3556 - D.R. Horton Inc.

to Anna J. Rychtarczyk,


May 09

• 331 E Circle Drive,

New Lenox, 60451-

9757 - Virginia B.

Leonhart Trustee to

Craig S. Hamburger,


• 156 Batson Court,

New Lenox, 60451-

1426 - First Bank Of

Manhattan Trustee

to Beverly A. Matiz,


May 10

• 413 Manor Court A,

New Lenox, 60451-

1676 - Hoffenkamp

Land Trust to Michael J.

Gotsch, $125,000

• 808 Winter Park

Drive, New Lenox,

60451-3104 - Prim

Trust to Francis M.

Ottole, $155,000

• 918 Foxwood Court,

New Lenox, 60451-

1491 - Brian D. Miller

to Helima Bass,


• 3220 Lightning

Court, New Lenox,

60451-5609 - Belinda

Serrano to Daniel

William Scheidt,


• 2925 Royal Court,

New Lenox, 60451-

2550 - Shafer Trust

to Thomas E. Jieik,


May 13

• 1540 Duchess Ave.

New Lenox, 60451-

2573 - Jeffrey B.

Simmons to Joseph

Barton, Aimme Barton


• 1641 Edmonds Ave.

New Lenox, 60451-

1999 - Eric D. Farris to

Timothy F. Bledermann,

Anita L. Bledermann


May 14

• 1665 Monarch Ave.

New Lenox, 60451-

2564 - Fennema

Trust to Jeffrey Bruce

Richardson, Robyn

Renee Richardson


May 15

• 748 Brockwood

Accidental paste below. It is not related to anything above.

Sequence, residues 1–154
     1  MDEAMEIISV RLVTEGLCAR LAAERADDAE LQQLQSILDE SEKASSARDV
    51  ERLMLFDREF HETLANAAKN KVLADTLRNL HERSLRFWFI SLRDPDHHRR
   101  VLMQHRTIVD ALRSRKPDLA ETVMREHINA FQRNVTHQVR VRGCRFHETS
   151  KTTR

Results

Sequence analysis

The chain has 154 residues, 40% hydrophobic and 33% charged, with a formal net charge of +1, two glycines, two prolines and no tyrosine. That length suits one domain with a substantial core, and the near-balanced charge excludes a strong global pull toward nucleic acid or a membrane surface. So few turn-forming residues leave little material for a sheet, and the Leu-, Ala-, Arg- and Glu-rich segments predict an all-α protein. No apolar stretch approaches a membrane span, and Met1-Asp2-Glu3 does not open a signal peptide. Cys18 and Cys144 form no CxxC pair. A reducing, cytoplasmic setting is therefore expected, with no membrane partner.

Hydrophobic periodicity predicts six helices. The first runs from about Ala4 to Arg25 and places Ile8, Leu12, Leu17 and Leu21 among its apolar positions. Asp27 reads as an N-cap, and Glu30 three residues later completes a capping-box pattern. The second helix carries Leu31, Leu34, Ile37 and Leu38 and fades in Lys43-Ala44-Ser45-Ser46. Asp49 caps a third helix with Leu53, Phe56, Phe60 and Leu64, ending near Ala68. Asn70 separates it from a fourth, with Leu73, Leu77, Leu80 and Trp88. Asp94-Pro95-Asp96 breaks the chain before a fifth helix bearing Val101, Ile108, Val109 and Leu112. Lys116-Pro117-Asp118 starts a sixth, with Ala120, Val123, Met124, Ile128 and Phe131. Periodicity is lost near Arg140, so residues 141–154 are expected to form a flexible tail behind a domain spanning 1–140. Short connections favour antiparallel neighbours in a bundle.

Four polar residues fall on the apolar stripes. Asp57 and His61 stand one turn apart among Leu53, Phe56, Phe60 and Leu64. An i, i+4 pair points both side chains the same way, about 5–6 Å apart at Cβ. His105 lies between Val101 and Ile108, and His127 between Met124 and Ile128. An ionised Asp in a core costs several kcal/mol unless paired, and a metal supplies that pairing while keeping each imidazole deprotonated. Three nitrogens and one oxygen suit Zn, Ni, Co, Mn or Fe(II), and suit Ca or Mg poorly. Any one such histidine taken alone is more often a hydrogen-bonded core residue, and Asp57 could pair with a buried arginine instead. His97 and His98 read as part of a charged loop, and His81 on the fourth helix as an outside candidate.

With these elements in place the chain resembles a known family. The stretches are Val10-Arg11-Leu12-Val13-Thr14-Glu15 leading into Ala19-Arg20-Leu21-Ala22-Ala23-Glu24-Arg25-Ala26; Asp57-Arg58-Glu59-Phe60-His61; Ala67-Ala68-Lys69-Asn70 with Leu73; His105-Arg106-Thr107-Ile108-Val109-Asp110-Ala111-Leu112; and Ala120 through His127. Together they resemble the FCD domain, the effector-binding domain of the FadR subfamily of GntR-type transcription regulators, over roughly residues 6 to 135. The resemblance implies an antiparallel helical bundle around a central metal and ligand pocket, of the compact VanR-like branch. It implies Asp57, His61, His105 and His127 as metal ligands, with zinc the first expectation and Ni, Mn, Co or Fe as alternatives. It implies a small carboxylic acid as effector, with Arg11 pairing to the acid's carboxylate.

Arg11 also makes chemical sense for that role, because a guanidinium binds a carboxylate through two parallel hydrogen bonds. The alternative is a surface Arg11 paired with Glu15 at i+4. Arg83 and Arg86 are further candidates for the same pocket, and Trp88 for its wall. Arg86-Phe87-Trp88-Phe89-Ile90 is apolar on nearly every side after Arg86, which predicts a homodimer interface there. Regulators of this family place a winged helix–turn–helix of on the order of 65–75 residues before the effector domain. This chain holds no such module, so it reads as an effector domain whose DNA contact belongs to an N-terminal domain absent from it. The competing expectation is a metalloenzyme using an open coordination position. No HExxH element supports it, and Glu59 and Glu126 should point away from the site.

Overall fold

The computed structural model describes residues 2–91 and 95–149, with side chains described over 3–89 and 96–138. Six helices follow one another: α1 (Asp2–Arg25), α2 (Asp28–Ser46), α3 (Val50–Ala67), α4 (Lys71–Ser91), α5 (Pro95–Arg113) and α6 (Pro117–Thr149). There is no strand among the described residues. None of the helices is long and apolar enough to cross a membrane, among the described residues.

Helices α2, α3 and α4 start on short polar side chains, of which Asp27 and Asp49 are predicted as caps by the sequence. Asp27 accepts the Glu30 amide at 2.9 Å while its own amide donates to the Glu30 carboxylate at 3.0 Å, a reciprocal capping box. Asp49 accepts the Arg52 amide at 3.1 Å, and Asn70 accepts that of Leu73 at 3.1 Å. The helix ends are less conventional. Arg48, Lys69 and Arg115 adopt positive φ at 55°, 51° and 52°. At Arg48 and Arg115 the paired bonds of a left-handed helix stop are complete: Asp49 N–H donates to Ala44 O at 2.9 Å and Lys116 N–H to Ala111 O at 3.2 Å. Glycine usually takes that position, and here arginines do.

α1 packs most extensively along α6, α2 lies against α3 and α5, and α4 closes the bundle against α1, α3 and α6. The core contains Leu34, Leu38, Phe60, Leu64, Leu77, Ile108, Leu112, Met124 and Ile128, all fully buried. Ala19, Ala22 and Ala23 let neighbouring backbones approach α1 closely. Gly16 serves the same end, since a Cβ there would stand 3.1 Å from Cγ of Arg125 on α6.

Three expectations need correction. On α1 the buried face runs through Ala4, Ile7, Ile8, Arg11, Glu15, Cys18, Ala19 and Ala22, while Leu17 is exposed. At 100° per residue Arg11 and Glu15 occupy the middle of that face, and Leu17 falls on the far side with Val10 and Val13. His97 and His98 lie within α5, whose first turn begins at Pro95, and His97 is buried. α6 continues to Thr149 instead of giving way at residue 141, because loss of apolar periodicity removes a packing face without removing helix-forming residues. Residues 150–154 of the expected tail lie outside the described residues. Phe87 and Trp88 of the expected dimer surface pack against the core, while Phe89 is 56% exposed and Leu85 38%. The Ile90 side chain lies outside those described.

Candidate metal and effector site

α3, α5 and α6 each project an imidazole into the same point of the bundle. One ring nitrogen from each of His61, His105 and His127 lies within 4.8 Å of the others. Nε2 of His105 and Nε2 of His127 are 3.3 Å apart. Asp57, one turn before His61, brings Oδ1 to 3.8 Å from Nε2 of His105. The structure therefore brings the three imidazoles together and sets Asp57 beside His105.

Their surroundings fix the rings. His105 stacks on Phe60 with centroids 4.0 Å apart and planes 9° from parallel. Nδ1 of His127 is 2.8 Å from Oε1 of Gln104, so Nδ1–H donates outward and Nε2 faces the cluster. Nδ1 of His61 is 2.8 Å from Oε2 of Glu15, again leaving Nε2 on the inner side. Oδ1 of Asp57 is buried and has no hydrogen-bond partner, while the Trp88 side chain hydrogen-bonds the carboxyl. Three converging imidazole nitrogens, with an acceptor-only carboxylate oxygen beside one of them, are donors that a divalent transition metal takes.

Road, New Lenox,

60451-9772 - Brian

Karpus to Anthony

James Rutkowski,

Jessica Lynn Jakich


• 1613 Stonebridge

Drive, New Lenox,

60451-2325 - Lauren

A. Kielbasa to

Christopher D. Roberts,

Kelly M. Roberts


• 2880 Sharon Drive,

New Lenox, 60451-

3433 - William A.

Gedroc to Richard

D. Hooper, Diane L.

Hooper $304,000

• 1355 Hickory Creek

Drive, New Lenox,

60451-3450 - Kyle A.

Ganbarg to Brian J.

Marnell, $345,000

• 721 Wellington

Parkway, New Lenox,

60451-9551 - Jessica

Pena to Mario Vu, Yen

Nguyen $355,000

• 1450 Pine Grove

Lane, New Lenox,

60451-9646 - Teresa

L. Slepawic to James

Cha, Ruta Cha


May 17

• 210 Fir St. New

Lenox, 60451-1431 -

Raymond P. Rowswell

to Drew Petrow,


• 3117 Blandford

Ave. New Lenox,

60451-8629 - Brian

G. Wasowicz Trustee

to Jeremy E. Catellier,

Carissa Catellier


The Going Rate is provided

by Record Information

Services, Inc. For more

information, visit www. or call

(630) 557-1000.

32 | June 20, 2019 | the new lenox patriot classifieds


Help Wanted · Garage Sales · Automotive

Real Estate · Rentals · Merchandise


$52 4 lines/

7 papers

Help Wanted

$13 4 lines/

per line 7 papers

1003 Help


1010 Sitters


1050 Community Events

Sell It 708.326.9170 | Fax It 708.326.9179

Charge It | DEADLINE - Friday at 3pm

1003 Help Wanted


for Custom Rubber Products Company

At Aero Rubber Company, Inc. we value the desire to succeed,

providing a great customer experience, and supporting our teams.

As a business development professional at Aero you’ll receive

in-depth training on our rubber products, so you can actively

identify new targets and establish new business from inception

through to final sale. To succeed, you’ll need to evaluate

opportunities, build relationships, and develop leads with

the support of targeted marketing campaigns. You’ll call on